UN highlights gender inequality on International Day of the Girl

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Pakistani students pray for child education activist Malala Yousafzai in celebration of Malala winning the Nobel Peace Prize, at a girls school in Malala's hometown Mingora in northwestern Swat valley on October 11, 2014.  Pakistan's Malala Yousafzai, who became the youngest ever winner of the Nobel Peace Prize, made the high-level peacemaking move of inviting the prime ministers of oft-warring India and Pakistan to the ceremony in Oslo in December after sharing the award with India's Kailash Satyarthi for championing children's rights.   AFP PHOTO/ A MAJEED        (Photo credit should read A Majeed/AFP/Getty Images)

Pakistani students pray for child education activist Malala Yousafzai in celebration of Malala winning the Nobel Peace Prize on October 11, 2014. The UN spotlighted the problem of violence against women around the world during its third International Day of the Girl on Saturday. Credit: A Majeed/AFP/Getty Images

World leaders and the United Nations spotlighted the problem of violence against women around the world during the U.N.’s third International Day of the Girl on Saturday.

“Gender-based violence — from domestic violence and human trafficking to genital cutting and early and forced marriage — condemns girls to cycles of dependence, fear, and abuse,” President Barack Obama said in a statement Friday.

“On International Day of the Girl, we stand with girls, women, and male and female advocates in every country who are calling for freedom and justice, and we renew our commitment to build a world where all girls feel safe, supported, and encouraged to pursue their own measure of happiness,” Obama said.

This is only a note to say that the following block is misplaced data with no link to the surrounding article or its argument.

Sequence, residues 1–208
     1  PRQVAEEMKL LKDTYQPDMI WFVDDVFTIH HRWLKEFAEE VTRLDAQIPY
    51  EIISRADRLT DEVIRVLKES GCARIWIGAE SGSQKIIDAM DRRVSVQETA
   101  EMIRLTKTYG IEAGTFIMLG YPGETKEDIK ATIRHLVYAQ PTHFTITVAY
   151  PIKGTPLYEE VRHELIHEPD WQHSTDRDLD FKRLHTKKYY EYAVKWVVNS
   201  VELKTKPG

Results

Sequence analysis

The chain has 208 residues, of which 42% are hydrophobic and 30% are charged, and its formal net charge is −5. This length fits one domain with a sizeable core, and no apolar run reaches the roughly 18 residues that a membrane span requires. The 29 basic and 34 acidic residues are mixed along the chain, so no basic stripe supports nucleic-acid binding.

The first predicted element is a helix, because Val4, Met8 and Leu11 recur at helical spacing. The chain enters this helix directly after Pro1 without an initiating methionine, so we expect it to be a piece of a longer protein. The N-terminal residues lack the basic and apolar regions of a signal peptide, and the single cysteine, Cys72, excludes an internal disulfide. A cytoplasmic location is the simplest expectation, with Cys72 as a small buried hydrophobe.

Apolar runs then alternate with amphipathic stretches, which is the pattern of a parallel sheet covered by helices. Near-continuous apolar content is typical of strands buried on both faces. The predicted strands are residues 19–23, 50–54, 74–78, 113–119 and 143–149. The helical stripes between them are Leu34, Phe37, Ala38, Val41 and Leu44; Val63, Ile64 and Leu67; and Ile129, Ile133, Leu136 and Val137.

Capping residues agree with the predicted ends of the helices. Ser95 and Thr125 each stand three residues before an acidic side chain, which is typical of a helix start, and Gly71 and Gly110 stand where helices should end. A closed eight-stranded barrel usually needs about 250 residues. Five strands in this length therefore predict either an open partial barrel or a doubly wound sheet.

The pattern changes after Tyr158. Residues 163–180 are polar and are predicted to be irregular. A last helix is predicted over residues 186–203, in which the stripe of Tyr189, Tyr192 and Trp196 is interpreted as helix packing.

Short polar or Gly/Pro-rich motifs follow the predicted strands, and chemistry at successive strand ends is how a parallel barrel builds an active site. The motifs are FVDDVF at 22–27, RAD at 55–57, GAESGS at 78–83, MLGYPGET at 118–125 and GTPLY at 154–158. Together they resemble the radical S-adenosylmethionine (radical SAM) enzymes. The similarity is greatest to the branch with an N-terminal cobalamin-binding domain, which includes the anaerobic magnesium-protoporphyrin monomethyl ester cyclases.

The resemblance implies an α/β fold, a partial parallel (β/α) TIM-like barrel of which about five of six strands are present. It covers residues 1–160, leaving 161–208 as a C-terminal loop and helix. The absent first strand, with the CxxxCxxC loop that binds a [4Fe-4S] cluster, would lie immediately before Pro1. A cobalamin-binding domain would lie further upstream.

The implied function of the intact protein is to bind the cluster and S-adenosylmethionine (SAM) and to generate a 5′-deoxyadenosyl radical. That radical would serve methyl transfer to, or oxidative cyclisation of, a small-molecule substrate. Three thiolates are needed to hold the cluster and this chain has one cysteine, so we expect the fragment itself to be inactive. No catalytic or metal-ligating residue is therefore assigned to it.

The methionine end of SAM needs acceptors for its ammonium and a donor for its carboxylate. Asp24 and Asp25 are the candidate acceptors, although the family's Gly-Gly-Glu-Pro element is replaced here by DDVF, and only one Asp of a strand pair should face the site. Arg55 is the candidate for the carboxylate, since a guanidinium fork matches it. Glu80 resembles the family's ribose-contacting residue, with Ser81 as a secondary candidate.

The day was designated: “Empowering Adolescent Girls: Ending the Cycle of Violence.”

On Oct. 10, girls’ education rights activist, Malala Yousafzai of Pakistan received a joint 2014 Nobel Peace Prize with India’s Kailash Satyarthi. At 17, Yousafzai is the youngest Nobel laureate.

“As a recipient of one of the world’s highest honors, Malala’s resilience and courage challenge us all to support the struggle against brutality, ignorance, and violence,” said Secretary of State John Kerry in a statement for the International Day of the Girl. “She inspires hope in millions of people and embodies our commitment to human rights and education.”

Yousafzai first gained notoriety  in 2012 after Taliban members shot her in the head on her way to school on Oct. 9. Yousafzai was taken to a hospital in Birmingham, England, after the bullet was removed from her head by surgeons in Pakistan. She was released from the hospital in February 2013.

Here is a look back at Yousafzai’s work and some of the controversy it has sparked, as reported by PBS NewsHour’s Hari Sreenivasan:

Through the Malala Fund, which Yousafzai co-founded with her father, a poet and Pakistani school director, her work has had global reach and supported projects in Yousafzai’s home country of Pakistan, as well as in Jordan, Kenya and Nigeria.

“As my father always says, he did not give me something extra,” said Yousafzai speaking at a press conference in Birmingham, England on Friday. “What he did was that he did not clip my wings. So I’m thankful to my father for not clipping my wings, for letting me to fly and achieve my goals, for showing to the world that a girl is not supposed to be the slave.”

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